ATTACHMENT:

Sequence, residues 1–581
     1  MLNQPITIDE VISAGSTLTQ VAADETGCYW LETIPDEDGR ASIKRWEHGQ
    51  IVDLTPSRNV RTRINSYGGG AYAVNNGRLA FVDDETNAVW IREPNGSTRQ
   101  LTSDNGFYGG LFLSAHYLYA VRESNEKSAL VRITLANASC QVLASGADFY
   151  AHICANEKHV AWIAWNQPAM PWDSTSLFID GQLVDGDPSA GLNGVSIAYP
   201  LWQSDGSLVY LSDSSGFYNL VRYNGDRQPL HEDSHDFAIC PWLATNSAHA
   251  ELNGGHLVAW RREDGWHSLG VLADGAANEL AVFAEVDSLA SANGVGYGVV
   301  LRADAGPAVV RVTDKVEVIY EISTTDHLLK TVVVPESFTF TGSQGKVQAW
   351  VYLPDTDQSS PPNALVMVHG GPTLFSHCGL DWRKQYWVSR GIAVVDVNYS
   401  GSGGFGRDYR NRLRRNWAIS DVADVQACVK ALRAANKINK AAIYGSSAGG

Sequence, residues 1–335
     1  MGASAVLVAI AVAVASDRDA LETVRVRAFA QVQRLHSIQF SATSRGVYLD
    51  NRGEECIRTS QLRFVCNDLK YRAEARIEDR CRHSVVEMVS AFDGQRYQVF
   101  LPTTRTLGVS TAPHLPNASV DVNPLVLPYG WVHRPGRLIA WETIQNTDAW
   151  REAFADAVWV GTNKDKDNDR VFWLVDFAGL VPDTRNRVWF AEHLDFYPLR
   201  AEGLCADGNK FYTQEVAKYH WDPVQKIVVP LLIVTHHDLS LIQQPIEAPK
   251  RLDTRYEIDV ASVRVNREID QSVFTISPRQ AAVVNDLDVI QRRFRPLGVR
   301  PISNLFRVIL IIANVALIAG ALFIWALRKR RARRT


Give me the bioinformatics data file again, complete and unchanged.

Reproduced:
Sequence, residues 1–581
     1  MLNQPITIDE VISAGSTLTQ VAADETGCYW LETIPDEDGR ASIKRWEHGQ
    51  IVDLTPSRNV RTRINSYGGG AYAVNNGRLA FVDDETNAVW IREPNGSTRQ
   101  LTSDNGFYGG LFLSAHYLYA VRESNEKSAL VRITLANASC QVLASGADFY
   151  AHICANEKHV AWIAWNQPAM PWDSTSLFID GQLVDGDPSA GLNGVSIAYP
   201  LWQSDGSLVY LSDSSGFYNL VRYNGDRQPL HEDSHDFAIC PWLATNSAHA
   251  ELNGGHLVAW RREDGWHSLG VLADGAANEL AVFAEVDSLA SANGVGYGVV
   301  LRADAGPAVV RVTDKVEVIY EISTTDHLLK TVVVPESFTF TGSQGKVQAW
   351  VYLPDTDQSS PPNALVMVHG GPTLFSHCGL DWRKQYWVSR GIAVVDVNYS
   401  GSGGFGRDYR NRLRRNWAIS DVADVQACVK ALRAANKINK AAIYGSSAGG

Sequence, residues 1–335
     1  MGASAVLVAI AVAVASDRDA LETVRVRAFA QVQRLHSIQF SATSRGVYLD
    51  NRGEECIRTS QLRFVCNDLK YRAEARIEDR CRHSVVEMVS AFDGQRYQVF
   101  LPTTRTLGVS TAPHLPNASV DVNPLVLPYG WVHRPGRLIA WETIQNTDAW
   151  REAFADAVWV GTNKDKDNDR VFWLVDFAGL VPDTRNRVWF AEHLDFYPLR
   201  AEGLCADGNK FYTQEVAKYH WDPVQKIVVP LLIVTHHDLS LIQQPIEAPK
   251  RLDTRYEIDV ASVRVNREID QSVFTISPRQ AAVVNDLDVI QRRFRPLGVR
   301  PISNLFRVIL IIANVALIAG ALFIWALRKR RARRT